This article originally appeared on i-D UK.
Bong Joon Ho, the director of Oscar-nominated film Parasite, is guest editing the BFI’s March issue of Sight & Sound magazine. In it, he shares storyboards from the film -- which also won the 2019 Palme d'Or, making him the first Korean filmmaker to win the award -- and writes a tribute to director Kim Kiyoung, whose psychosexual horrors The Housemaid (1960) and Woman Of Fire (1971) had a huge influence on his own work.
Most excitingly though, given he’s currently celebrating his twentieth year as a director, Bong thought it only fitting to select the emerging filmmakers he believes will be central to the next 20 years of cinema.
“The year is 2020, a number that belongs to a sci-fi film in itself,” Bong says in the issue. “I do not wish to summon these directors for the sake of discussing the future of cinema. I simply wish to discuss the films they have already created (even though it may only be two or three films). But in the end, this inevitably concerns the future of cinema. Because, when we watched Wong Kar Wai’s second film Days of Being Wild (1990), we might have already dreamed of In the Mood for Love (2000) in our minds. Or... when we watched Blood Simple (1985) by the Coen brothers, we might have already been experiencing No Country for Old Men (2007), which would come two decades later.
“So what can we expect to unfold over the next 20 years for the 20 directors listed here? The compulsive visuals of Midsommar (2019), the pitch-black ocean that meets the quiet gaze of Asako 1 & II (2018), the beauty of The Lighthouse (2019) emitting black-and-white light beyond that ocean, the children’s endless chatter in Yoon Gaeun’s films, the astonishing cinematic miracle that is Happy as Lazzaro (2018). What future do these films suggest for their directors? One thing remains certain: they will continue to shoot films.”
In this extract from the issue, Sight and Sound's staff writers further unpack some of the filmmakers Director Bong has his eye on, like Jordan Peele, Ari Aster and Robert Eggers (yes, Bong, we know), while also shining a light on lesser-known directors like fellow South Korean Yoon Ga-eun, Alice Rohrwacher and Hamaguchi Ryusuke:
Selected directing credits: Bombay Beach (2011), LoveTrue (2016), Honey Boy (2019)
Har’el’s sensuous, exuberant movie-making verve was apparent from her first music videos for the band Beirut and others, but it was her first feature, Bombay Beach -- a documentary set on California’s backwater Salton Sea, in which her subjects performed their feelings in breakout dance numbers -- that made clear this was not a filmmaker who was going to stay inside the lines. She’s since found common cause with Shia LaBeouf, who performed nude in her video for Sigur Rós’s “Fjögur Píanó”, produced her second doc LoveTrue – another performative triptych, this time exploring modern conundrums of young love across the US – and wrote and starred (as his own abusive dad) in last year’s autobiographical traumatic-childhood drama Honey Boy. Har’el’s formal flamboyance, it turns out, is a sign of hunger for real feeling. She also made her mark in advertising, not only winning awards but pushing her #FreeTheBid campaign to open doors for female directors.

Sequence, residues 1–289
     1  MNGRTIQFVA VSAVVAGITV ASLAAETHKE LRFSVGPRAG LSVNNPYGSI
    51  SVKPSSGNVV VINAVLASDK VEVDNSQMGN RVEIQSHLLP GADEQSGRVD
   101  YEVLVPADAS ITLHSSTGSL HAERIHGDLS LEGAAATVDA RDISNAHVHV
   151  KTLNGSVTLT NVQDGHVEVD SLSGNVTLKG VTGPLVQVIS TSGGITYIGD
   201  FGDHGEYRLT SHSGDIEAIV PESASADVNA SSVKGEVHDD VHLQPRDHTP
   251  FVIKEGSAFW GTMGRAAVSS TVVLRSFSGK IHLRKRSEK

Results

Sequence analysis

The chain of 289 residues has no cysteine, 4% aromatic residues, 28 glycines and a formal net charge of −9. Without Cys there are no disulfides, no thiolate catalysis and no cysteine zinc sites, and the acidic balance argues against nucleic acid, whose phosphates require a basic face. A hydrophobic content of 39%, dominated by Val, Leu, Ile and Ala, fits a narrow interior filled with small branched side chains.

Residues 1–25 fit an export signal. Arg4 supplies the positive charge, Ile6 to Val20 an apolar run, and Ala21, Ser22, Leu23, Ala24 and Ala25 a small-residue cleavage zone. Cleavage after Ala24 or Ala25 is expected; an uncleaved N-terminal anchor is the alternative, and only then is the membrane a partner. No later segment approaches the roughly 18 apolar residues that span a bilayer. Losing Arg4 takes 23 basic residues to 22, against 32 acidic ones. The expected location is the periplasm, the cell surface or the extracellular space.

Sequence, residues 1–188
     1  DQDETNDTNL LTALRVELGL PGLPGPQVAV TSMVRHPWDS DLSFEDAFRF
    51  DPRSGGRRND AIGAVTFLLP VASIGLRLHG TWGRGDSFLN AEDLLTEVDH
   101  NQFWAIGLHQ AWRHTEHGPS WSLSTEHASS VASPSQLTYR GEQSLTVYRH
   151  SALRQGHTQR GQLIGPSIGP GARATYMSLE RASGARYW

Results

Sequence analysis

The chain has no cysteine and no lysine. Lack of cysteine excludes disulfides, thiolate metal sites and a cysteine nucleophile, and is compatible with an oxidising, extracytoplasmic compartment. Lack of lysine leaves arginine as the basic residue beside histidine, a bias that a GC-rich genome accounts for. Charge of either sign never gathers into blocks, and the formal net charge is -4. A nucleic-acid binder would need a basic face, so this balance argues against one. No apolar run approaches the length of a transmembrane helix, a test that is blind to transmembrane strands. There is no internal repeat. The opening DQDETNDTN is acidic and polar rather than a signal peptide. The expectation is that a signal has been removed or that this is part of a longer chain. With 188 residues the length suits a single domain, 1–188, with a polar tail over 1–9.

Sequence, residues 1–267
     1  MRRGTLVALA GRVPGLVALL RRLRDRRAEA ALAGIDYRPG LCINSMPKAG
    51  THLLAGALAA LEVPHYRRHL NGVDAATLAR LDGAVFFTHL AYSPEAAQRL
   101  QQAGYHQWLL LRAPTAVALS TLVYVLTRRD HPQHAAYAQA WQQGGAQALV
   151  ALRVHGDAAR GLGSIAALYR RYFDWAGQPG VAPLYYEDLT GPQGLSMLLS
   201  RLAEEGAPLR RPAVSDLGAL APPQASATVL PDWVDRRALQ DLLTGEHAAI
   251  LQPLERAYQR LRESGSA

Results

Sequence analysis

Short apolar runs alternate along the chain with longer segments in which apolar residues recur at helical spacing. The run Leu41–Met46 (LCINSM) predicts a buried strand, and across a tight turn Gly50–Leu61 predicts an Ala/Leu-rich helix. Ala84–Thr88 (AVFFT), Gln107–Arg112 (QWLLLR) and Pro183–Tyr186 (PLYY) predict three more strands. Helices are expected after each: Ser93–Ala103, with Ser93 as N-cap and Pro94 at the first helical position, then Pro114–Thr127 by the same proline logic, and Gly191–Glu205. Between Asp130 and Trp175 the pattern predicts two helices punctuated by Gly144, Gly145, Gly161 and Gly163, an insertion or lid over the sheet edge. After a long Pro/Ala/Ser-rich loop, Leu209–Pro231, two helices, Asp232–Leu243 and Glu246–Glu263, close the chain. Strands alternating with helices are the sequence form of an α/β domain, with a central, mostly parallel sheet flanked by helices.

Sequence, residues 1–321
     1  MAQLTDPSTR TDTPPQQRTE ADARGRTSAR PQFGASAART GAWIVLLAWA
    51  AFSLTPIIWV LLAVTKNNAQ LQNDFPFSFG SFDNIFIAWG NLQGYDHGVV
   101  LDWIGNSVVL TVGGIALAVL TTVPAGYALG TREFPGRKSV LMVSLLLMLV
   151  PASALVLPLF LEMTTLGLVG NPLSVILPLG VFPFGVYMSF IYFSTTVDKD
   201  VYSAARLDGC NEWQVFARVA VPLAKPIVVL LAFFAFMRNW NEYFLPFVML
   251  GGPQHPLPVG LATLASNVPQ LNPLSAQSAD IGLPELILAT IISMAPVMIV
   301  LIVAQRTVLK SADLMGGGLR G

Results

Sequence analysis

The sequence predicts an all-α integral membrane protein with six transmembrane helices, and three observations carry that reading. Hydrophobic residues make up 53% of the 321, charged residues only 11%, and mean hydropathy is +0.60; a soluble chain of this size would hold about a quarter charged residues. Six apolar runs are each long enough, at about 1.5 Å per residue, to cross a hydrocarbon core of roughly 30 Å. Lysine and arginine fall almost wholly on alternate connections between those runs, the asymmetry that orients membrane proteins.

Selected directing credits: Moths (2010, short), Storm House (2011, short), The Silken Strand (2013, short), Room 55 (2014, short), Bath Time (2015, short), Saint Maud (2019)
One of the most exciting new British talents, Glass has made bold interventions to genre tropes, of a kind that Bong would surely approve. Inspired by visual effects master Ray Harryhausen, she began making home movies as a teenager, before attending the National Film and Television School in 2014. Her short films carved a distinct space for themselves in contemporary horror, often focusing on female protagonists: Room 55 explored the sexual awakening of an English housewife in the 1950s, while Bath Time concerned a woman suffering from an anxiety disorder. Her highly original first feature Saint Maud, which premiered at festivals last year and is released in the UK in May, is a psychological gothic horror about a nurse (Morfydd Clark) who becomes dangerously obsessed with saving the soul of a hedonistic dancer suffering from cancer (Jennifer Ehle).
Selected directing credits: Corpo Celeste (2011), The Wonders (2014) and Happy as Lazzaro (2018)
Rohrwacher’s mysterious, dreamy coming-of-age tale Corpo Celeste contains the hallmarks of her cinema: a mix of magic realism and neorealism, innocent characters butting up against corrupt behemoths, and a mesmerising depiction of the everyday world in Hélène Louvart’s 16mm cinematography. Her next two features felt even more like fairytales. The Wonders (which won the Grand Jury Prize at Cannes) stars her sister Alba Rohrwacher as the mother of an off-grid beekeeper family whose bonds start to splinter when one of the daughters stars on a reality TV show. Happy as Lazzaro further probes the rift between agrarian and modern life, and contains one of the most dazzling twists -- and tracking shots -- in recent memory.
Selected directing credits: Passion (2008), The Depths (2010), Touching the Skin of Eeriness (2013), Voices from the Waves (2013), Storytellers (2013), Happy Hour (2015), Asako I & II (2018)
Hamaguchi’s graduation film, Passion, was entered into competition at the Tokyo FILMeX festival in 2008, and he has been notably prolific since, but his international breakthrough came in 2015 with Happy Hour, a masterful epic -- nearly five-and-a-half hours long -- about four female friends. With its naturalistic pace and part-improvised scenes, the film drew comparisons to Jacques Rivette. The textures of Happy Hour were given a more contained form in the two-hour Asako I & II, a doppelganger romance about memory and romantic delusion based on a novel by Shibasaki Tomoka. Asako is a woman who falls for a handsome, caddish man, only for him to leave as abruptly as he took up with her. Two years later, she meets a man who looks identical to her departed lover but is his opposite in personality. Always inventive, wrong-footing and surprising, Hamaguchi’s work constantly leaves you wondering where it will turn next, anxious to follow it wherever it goes.